[t]he Gaelic Athletic Association has made no public comment on the posters, but a senior member of the body’s ruling board told The Observer that members were ‘seething’. ‘The GAA is sacred in Irish life and this ploy to sell a few more magazines is cheap and distasteful. It will backfire’, he said.
Both the poster itself and conservative public reaction to it served to highlight some kind of unspoken but founding principle of Irish cultural life, namely that homosexuality and the GAA could never coexist.
, the year John Harris
was twenty, Lord Devlin published his book The Enforcement of Morals,
in which he argued for the role of moral nose in both morality and lawmaking.10 He said, ‘I do not think one can ignore disgust if it is deeply felt
and not manufactured. Its presence is a good indication that the bounds of
toleration are being reached. Not everything is to be tolerated. No society
can do without intolerance, indignation and disgust; they are the forces
behind the moral law.’11
As an example, he took homosexuality. He was liberal enough to support
compared or placed on a continuum of severity, and wrongs committed
elsewhere can be righted in the UK. Asylum narratives articulate time and
space into a world of the sexually modern or backward, erasing histories of
attitudes towards homosexuality both in the UK and in the countries of origin
and thus obfuscating the localised complexity of homophobia. In other words,
asylum is a site for the production of a homogeneous history of homophobia: it
is a process that simultaneously ontologises the social problem of homophobia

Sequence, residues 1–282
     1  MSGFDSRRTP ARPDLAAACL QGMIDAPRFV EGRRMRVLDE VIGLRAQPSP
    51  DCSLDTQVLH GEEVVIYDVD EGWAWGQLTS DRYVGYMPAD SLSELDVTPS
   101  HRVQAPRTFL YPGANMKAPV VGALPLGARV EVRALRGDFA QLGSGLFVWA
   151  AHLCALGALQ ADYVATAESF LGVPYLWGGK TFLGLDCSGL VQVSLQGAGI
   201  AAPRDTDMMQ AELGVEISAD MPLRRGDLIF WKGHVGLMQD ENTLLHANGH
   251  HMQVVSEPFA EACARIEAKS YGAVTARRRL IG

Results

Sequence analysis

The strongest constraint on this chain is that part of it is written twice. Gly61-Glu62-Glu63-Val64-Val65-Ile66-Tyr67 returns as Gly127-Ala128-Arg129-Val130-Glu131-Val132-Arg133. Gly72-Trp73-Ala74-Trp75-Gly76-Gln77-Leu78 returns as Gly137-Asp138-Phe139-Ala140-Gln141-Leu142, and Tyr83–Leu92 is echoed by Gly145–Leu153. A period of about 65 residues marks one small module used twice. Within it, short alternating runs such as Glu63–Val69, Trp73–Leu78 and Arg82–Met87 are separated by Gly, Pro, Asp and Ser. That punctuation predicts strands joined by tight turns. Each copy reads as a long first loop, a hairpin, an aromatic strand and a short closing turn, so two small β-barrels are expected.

and places LGBT refugees as the human means for
present history of British sex education and argues for a ‘need
to construct modes of history-writing which grasp that
past/present relation’ (2000: 165, my emphasis). In Mort’s
account public reactions to AIDS connect with early nineteenthcentury beliefs about health and disease as they concern ideas of
moral and immoral sex and dangerous sexualities. Using the
example of a newspaper article from 1983 which associates San
Francisco’s homosexual community with AIDS, Mort argues that
such accounts are ‘framed by moral condemnation, reaffirming
the distance between our
considers the materiality of the body in the act of sex as ‘the most
troubling of all social encounters’ because ‘it so easily threatens
rather than confirms gender polarity’. For Segal (1997: 86) during
sex ‘the great dichotomies (activity/passivity, subject/object,
heterosexual/homosexual) slide away’. Perhaps not surprisingly
Segal’s understanding of (hetero)sex as threatening rather than
confirming gender polarity centres on the penis’s performance, a
performance which she argues undermines the rule of the phallus
in straight male pornography, and the
, practice, and politics that would make sex better, or make better sex’ (1993: 113).
These transformations included a deprivileging of ‘heterosexism
over homosexuality and lesbian experience, phallocentricty over
gynocentricity, reproductive over non-reproductive sex’ (1993:
115). But with the rise of the sexual epidemic of AIDS ‘an ecstatic carnival is progressively being displaced by a more sober and
reserved aesthetic of “sexual prudence and body management”.
The language of “better sex” is being replaced by that of “safe
sex” and the promotion of a “new sobriety